Posted by on Jun 1, 2015 in Blog, Columns |

Image Credit: Christophe Vorlet

By Jason Zweig | May 29, 2015  7:42 p.m. ET

If this past week’s stumble in Chinese stocks has you thinking about buying, think twice.

On Thursday, the Shanghai Composite Index fell 6.5%, the Shenzhen Stock Exchange Composite Index lost 5.5% and the Hang Seng Index of Hong Kong-listed stocks dropped 2.2%. They changed little on Friday.

Speculative frenzies don’t become safe just because there is a momentary pause in the proceedings. U.S. investors should shop carefully in China—if at all.

Even after the selloff, the Shanghai index is up 42.6% in 2015 and Shenzhen, 97.4%; neither figure includes dividends.

Stocks in Shenzhen are trading at an average of 61.4 times earnings, according to the exchange—nearly twice their level at the end of 2014 and almost 25% higher than where they stood on April 30. By price/earnings ratio, the Shenzhen market is more than three times as expensive as the MSCI EAFE index of international stocks; the U.S. is at about 22 times earnings.

The Shanghai and Shenzhen markets for so-called A shares are dominated by local amateur traders, using borrowed money, who have whipped up prices.

A year ago, the turnover rate—a measure of how fast investors are buying and selling, calculated by dividing total trading by the value of all listed stocks—was 98% on the Shanghai exchange and 204% in Shenzhen, according to the World Federation of Exchanges. By the end of April, turnover had risen to 600% in Shanghai and 706% in Shenzhen, meaning that local “investors” were holding the typical stock for less than two months at a time. This past week, daily turnover in Shenzhen hit 7%, implying that the average stock was changing hands every 14 days.

By contrast, the estimated turnover in the U.S. was recently about 300%, indicating that the average stock would change hands every four months or so.

With the real-estate market slowing, the Chinese government has made a bull market in stocks part of its agenda for economic stimulus, says Cheah Cheng Hye, chairman of Hong Kong-based Value Partners, one of Asia’s largest investment managers, with $17 billion in assets. That includes a forthcoming stock-trading link between Shenzhen and Hong Kong, which will complement the link between Shanghai and Hong Kong established last year.

“If you bet against Chinese stocks, you’re betting against what Beijing wants,” Mr. Cheah says.

And there are reasons to be optimistic in the long run; it is China, after all. Helen Zhu, head of Chinese equities at BlackRock, the world’s largest investment manager, says economic growth is “just stable enough to provide an adequate foundation of stability,” enabling the government to pursue “structural improvements that would underpin further returns.”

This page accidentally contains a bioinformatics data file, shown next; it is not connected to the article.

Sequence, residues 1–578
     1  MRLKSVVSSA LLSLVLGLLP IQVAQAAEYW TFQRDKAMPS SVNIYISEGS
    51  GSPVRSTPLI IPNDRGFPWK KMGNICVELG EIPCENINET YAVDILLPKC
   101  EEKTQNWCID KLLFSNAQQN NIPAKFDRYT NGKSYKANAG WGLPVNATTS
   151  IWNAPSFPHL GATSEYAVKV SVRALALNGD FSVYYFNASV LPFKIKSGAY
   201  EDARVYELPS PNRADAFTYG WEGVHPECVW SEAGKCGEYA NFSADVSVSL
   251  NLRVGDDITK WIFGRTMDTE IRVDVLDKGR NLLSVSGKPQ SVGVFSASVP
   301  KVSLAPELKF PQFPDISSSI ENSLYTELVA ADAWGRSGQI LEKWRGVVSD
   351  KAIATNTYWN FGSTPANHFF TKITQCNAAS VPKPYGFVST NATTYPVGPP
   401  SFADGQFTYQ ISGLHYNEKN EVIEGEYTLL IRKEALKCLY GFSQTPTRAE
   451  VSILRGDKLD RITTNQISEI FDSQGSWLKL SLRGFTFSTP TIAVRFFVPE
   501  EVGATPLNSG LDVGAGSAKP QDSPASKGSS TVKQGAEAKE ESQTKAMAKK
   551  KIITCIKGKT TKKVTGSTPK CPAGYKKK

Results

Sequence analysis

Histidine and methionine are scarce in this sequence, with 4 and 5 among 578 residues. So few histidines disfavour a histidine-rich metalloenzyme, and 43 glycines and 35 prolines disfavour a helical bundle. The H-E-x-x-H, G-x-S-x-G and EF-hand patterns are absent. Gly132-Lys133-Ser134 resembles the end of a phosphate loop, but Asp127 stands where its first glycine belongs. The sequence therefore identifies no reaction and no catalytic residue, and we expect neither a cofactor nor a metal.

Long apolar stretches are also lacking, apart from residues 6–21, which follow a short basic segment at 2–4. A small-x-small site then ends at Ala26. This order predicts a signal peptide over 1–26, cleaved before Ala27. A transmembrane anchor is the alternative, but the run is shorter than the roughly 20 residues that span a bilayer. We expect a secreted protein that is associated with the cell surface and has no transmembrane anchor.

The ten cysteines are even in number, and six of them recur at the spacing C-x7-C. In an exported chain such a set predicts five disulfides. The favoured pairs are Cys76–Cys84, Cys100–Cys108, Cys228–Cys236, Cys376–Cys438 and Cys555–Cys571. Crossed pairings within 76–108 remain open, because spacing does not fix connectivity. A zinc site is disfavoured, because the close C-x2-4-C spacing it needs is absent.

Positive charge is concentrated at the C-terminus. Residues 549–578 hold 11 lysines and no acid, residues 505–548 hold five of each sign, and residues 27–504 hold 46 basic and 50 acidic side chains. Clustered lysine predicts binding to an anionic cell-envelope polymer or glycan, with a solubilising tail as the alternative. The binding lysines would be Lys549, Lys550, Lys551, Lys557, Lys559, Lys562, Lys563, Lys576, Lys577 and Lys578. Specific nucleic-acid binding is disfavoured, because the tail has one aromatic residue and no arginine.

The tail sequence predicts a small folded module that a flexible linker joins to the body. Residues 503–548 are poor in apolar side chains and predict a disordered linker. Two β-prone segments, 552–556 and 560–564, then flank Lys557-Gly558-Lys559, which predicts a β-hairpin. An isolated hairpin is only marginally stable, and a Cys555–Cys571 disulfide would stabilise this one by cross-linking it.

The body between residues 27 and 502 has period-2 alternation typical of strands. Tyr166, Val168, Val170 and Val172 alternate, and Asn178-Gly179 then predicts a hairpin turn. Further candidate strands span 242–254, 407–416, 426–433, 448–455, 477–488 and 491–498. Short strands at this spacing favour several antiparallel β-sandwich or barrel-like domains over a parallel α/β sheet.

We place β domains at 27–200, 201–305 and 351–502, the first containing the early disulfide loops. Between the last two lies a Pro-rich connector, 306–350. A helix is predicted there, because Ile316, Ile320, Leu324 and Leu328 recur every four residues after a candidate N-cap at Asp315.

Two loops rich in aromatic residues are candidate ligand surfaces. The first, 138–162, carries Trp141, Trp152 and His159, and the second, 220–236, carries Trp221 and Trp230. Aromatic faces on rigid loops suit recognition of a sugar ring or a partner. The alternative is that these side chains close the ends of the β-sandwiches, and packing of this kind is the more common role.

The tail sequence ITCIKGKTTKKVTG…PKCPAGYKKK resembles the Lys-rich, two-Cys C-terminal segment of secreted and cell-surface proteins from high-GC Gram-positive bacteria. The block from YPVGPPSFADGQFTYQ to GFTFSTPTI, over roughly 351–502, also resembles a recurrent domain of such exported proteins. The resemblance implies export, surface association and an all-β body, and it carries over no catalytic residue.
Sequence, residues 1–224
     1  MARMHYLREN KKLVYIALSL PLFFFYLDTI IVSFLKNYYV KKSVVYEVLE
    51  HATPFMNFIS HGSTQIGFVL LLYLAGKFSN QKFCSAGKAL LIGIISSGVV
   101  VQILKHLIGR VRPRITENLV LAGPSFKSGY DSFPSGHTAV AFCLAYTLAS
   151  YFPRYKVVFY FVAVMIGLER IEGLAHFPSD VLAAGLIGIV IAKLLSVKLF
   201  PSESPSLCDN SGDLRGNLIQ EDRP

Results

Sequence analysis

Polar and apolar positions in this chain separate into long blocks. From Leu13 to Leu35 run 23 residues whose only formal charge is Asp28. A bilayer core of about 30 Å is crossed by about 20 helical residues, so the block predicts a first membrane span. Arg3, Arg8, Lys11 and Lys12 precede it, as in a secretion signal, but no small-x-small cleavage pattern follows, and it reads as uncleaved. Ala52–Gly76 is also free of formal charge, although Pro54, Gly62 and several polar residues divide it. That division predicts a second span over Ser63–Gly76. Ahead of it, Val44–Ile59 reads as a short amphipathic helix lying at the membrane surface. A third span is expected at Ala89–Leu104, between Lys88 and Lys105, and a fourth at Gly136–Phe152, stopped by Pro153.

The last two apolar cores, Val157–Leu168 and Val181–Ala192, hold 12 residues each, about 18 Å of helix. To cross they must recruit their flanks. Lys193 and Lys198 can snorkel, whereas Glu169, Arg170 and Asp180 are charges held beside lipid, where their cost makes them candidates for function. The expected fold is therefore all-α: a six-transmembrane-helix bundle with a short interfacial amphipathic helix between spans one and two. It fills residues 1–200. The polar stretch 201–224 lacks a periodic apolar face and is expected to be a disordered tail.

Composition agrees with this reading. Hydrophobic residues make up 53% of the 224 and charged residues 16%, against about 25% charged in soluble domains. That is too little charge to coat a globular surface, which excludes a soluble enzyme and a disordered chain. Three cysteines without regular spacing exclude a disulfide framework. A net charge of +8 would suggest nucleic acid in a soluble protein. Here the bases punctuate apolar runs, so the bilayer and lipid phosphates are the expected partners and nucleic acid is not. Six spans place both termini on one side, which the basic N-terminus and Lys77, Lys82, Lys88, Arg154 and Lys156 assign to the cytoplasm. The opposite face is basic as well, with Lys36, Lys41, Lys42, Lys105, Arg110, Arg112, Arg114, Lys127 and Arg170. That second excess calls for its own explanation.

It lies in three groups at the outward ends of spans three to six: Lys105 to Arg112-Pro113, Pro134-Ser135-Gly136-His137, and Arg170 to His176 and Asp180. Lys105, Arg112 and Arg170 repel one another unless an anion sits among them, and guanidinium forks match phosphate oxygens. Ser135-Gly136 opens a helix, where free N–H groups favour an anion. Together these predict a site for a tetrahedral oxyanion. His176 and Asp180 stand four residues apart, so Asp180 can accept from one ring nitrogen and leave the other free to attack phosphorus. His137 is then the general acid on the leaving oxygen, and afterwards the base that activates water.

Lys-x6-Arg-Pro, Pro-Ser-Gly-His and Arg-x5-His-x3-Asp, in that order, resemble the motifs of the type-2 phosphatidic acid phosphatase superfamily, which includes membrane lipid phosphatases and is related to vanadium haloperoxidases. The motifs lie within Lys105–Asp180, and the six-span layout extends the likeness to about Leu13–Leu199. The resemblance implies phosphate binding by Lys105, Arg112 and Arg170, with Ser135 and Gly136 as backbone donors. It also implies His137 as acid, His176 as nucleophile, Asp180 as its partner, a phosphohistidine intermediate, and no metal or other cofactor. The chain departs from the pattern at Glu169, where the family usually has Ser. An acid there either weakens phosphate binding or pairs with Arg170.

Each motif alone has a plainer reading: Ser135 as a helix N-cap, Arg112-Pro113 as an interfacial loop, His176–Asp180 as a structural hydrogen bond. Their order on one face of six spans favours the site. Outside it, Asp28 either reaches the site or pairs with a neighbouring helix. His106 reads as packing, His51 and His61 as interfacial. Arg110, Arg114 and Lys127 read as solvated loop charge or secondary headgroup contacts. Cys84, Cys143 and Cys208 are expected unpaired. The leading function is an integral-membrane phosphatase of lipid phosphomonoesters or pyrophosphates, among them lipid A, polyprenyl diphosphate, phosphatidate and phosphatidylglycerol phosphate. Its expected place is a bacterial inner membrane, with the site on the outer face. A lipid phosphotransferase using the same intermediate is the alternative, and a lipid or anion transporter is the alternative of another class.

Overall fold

Both Mr. Cheah and Ms. Zhu are generally bullish. “Chinese stocks still have a lot of catching up to do,” Mr. Cheah says. “I believe we are only in the middle of a multiyear recovery.”

Shares listed in Hong Kong have been largely uncontaminated by the speculation that is driving Shanghai and Shenzhen, says Burton Malkiel, emeritus professor of finance at Princeton University and chief investment officer at Wealthfront, an online investment adviser in Palo Alto, Calif.

Hong Kong shares trade at approximately 16 times their long-term, inflation-adjusted earnings, he estimates—far cheaper than U.S. stocks, at about 27 times the same measure. “Despite the big rise in Chinese stocks recently, they don’t scream ‘bubble’ to me,” he says.

But investors should bear in mind that the epic expectations for Chinese stocks have yet to be realized. China has a history of bubbles and busts dating back to the 19th century.

And rapid national economic growth often doesn’t produce high stock-market returns, largely because it tends to coax investors into paying too much for stocks. From the beginning of 1993, when reliable data begin, through the end of 2014, Chinese stocks available to global investors have lost an average of 3.2% annually, after inflation, according to finance researchers Elroy Dimson, Paul Marsh and Mike Staunton of London Business School.

Even so, some U.S. investors have been chasing China’s recent hot streak. They have added $856 million to mutual funds and exchange-traded funds specializing in China so far this month and $2.7 billion in 2015, estimates TrimTabs Investment Research, a firm in Sausalito, Calif.

Those investors are likely to sell in a panic if the selloff continues. Investors who are more patient should instead become more interested if China cheapens.

If you fit that profile, you could consider two ETFs that favor Chinese stocks listed in Hong Kong or other offshore exchanges: the iShares China Large-Cap ETF, with annual expenses of 0.74%, or $74 per $10,000 invested, and Guggenheim China All-Cap ETF, with annual expenses of 0.7%.

Several U.S.-listed ETFs concentrate on the A shares listed in Shanghai and Shenzhen. They make sense only for investors who think a pogo stick is a good place to take a nap.


Source: The Wall Street Journal